Antique Spanish wooden door, D850 with 28mm f /1.4 @f/2, 1/60sec, ISO 180

The Nikon AF-S 28mm f/1.4E’s superb image quality, nearly independent of the used aperture is quite unlike most other large aperture lenses which are soft fully open and need to be stopped down to achieve acceptable sharpness. This gives you more creative freedom and allows you to enjoy narrow depth-of-field even on a wide angle lens! The below snapshot of my pretty wife as we were enjoying a break in the airport lounge shows what I meant with staying out of “distortion territory”. With 28mm you can still get away with peoples’ heads close to the image frame edges, distortion staying within reasonable limits. Don’t try this with a 24mm, your subjects will not be amused by the egg-shaped distortion of their heads in case they’re located in the image corner!

With my pretty wife at the airport, D850 with 28mm f/1.4 @f/2.8, 1/60sec, ISO 450

The not too large 75˚angle of view of the 28mm thereby limits the inclusion of distracting background elements, allowing environmental portraits to not be overwhelmed by the secondary image elements. In this image stopping down to f/2.8 allowed me to also get the stuff on the table more or less into focus but still got enough blurring of the background to not distract from the main subject. I had a similar idea for the image below: Seperate the wrought iron gate from its shadow on the wall behind it by focussing the selective plane of sharpness on the foreground. This creates a better separation between fore- and background elements and gives it a more 3 dimensional rendering, what do you think?

On the fence, D850 with 28mm f/1.4 @f/2.8, 1/2000sec, ISO 64

So, does having this 28mm cover all your wide-angle needs? To be honest not completely. IMO 28mm’s a bit to short for street photography, because the 1-1.5m you need to come closer to your subjects to fill the frame sometimes already infringes on their private space and they notice their image is being captured. This still creates interesting images for sure but they will not strictly be of documentary nature anymore because you are now interacting with your subjects. So I will want to try out Nikon’s AF-S 35mm f/1.4G for my street photography at some time in the future ... anyways I’m sure looking forward to seeing y’all back here for that review ;-)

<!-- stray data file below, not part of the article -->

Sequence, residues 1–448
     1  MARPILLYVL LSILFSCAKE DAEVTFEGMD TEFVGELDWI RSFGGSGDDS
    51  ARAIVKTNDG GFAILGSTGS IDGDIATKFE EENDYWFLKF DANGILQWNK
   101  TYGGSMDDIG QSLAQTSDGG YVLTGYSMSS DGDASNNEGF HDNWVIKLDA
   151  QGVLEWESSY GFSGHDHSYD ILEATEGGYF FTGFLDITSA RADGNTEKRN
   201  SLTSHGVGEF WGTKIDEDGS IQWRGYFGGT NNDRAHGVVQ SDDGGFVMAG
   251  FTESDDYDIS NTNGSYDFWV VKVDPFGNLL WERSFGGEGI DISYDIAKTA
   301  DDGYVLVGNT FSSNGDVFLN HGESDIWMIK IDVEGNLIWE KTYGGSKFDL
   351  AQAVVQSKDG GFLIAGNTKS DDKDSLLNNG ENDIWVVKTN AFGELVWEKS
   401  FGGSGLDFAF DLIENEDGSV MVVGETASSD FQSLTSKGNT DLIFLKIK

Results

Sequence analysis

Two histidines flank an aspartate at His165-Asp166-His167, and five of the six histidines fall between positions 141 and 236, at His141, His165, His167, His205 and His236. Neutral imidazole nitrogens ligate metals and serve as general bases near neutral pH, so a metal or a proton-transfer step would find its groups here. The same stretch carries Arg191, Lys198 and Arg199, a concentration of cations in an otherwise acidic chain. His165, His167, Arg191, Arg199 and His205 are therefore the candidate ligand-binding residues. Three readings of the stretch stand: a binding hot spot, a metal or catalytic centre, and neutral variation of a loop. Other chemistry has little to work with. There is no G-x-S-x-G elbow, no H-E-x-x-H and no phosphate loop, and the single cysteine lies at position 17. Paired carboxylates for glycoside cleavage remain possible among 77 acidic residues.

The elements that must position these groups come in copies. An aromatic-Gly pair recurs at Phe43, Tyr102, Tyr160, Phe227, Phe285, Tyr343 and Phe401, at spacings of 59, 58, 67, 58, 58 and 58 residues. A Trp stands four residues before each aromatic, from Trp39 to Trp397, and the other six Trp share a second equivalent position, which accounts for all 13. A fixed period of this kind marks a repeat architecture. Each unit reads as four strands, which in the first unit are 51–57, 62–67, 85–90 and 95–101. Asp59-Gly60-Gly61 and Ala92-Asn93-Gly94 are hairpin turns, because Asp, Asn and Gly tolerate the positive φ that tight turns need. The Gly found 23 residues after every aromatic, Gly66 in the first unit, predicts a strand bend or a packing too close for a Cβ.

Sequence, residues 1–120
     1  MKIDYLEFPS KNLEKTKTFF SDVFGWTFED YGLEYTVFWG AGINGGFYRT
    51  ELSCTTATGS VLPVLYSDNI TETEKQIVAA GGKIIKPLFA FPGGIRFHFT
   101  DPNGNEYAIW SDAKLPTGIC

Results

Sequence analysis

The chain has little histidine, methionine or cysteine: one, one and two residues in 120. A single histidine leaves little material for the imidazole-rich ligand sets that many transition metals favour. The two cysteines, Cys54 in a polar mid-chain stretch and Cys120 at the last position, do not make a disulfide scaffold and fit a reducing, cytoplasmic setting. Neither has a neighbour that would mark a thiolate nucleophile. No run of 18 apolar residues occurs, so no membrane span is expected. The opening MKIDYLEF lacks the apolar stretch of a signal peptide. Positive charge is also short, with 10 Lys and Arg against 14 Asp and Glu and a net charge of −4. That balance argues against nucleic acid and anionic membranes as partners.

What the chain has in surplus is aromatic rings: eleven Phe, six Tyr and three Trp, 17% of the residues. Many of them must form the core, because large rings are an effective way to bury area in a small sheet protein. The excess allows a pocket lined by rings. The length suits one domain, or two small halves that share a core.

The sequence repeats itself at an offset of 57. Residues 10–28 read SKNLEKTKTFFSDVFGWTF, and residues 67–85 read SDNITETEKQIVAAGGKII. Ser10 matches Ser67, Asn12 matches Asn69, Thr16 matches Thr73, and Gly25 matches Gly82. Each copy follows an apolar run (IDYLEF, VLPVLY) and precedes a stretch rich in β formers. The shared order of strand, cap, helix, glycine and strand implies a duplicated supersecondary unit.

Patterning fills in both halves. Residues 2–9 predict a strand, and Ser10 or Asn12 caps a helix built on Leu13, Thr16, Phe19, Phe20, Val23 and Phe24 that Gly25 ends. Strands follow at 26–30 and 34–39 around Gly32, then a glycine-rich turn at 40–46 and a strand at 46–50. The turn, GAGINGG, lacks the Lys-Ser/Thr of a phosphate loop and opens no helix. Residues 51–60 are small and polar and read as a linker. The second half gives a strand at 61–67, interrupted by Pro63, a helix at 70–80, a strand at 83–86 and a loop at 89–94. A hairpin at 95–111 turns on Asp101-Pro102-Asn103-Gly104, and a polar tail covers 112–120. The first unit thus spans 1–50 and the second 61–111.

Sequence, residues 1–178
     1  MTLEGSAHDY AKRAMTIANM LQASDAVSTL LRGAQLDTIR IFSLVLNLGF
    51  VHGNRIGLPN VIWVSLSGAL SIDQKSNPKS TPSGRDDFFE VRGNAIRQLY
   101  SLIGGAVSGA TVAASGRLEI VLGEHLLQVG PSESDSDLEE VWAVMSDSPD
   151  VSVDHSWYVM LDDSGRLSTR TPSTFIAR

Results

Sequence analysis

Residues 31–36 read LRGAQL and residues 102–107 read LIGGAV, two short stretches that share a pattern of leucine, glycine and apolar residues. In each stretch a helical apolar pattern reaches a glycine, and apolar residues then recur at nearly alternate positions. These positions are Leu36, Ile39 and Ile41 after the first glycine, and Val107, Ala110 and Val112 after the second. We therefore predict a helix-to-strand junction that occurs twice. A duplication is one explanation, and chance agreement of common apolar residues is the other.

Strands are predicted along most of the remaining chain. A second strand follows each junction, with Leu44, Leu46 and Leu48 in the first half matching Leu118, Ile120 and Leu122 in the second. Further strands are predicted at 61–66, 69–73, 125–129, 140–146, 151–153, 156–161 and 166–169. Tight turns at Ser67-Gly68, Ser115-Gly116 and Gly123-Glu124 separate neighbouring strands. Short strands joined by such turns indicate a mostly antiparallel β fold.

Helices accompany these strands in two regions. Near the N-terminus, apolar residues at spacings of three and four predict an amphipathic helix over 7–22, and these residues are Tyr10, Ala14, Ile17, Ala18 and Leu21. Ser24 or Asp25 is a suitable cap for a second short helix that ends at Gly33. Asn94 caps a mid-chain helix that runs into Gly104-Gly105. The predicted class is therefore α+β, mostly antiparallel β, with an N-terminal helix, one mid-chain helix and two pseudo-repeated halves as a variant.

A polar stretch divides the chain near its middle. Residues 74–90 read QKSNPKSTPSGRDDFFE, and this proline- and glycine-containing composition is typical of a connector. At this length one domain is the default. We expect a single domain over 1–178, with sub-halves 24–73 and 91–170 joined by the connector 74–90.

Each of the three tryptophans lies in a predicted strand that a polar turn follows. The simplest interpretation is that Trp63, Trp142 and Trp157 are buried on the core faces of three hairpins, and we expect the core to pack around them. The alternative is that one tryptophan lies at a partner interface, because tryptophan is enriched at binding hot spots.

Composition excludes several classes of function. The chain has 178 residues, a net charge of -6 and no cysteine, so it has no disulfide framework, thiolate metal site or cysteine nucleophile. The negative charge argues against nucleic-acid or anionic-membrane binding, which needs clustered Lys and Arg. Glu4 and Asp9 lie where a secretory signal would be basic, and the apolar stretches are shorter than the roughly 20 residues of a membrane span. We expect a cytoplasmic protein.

You may ask why I don’t use my zoom for all this. Simple, I mainly use my 24-120mm zoom when traveling or for casual photography (especially when I don’t need too much Bokeh ;-). For more serious photography I prefer to limit myself to one focal length for a specific topic. This allows me to focus more on the image rather than fiddling with the zoom ring (hell, even when using the zoom I try to stick to one focal length for a series of images). I can only advise you to try that for yo’self - I promise your photography will improve dramatically - less is more!

If you have any questions or anything’s unclear please leave me a message below or on my about page! Thanks for looking by & wish y’all a relaxing Sunday!

Yours, 

Hendrik

I hope this post was helpful / interesting for you - If you like you can support me by sending me a small donation via PayPal.me/hendriximages ! Helps me run this site & keeps the information coming, many thanks in advance!

Five Reasons I Love Nikon´s 58mm f/1.4 - Is This Normal ?

I've bought and traded in so many 50mm lenses that I thought I gotta go see a shrink. Nuts some may say and nuts I may well be, but up to now it just didn't ever "click" (pun intended). Until Nikon´s 58mm f/1.4 found me! Please read on if you want to know the 5 reasons why this "normal" lens ain't so normal at all and has achieved for me what no other lens has been able to do!

My lovely wife, seen thru Nikon´s 58mm f/1.4 on D850 @f/1.7, 1/125 sec, ISO 500

I've always loved "normal" lenses (focal length approx. equal to length of image frame diagonal) coz of the authentic way they render the world around us, without perspective effects distracting from the image content. It ain´t for nothing these type of lenses have been a continued favorite of famous reportage photographers, their natural field of view ideal for unbiased documenting of our environment

For my people photos the 58mm's focal length enables me to be at just the right distance from my subjects, allowing sufficient intimacy without being too intrusive. The frame covers the subjects' head & upper body and I'm just far enough away to prevent distortion. All this delivers more informal & natural looking portraits, better able to depict a person's character & posture than more tightly cropped headshots (which sometimes do tend to look a bit like passport photos ;-)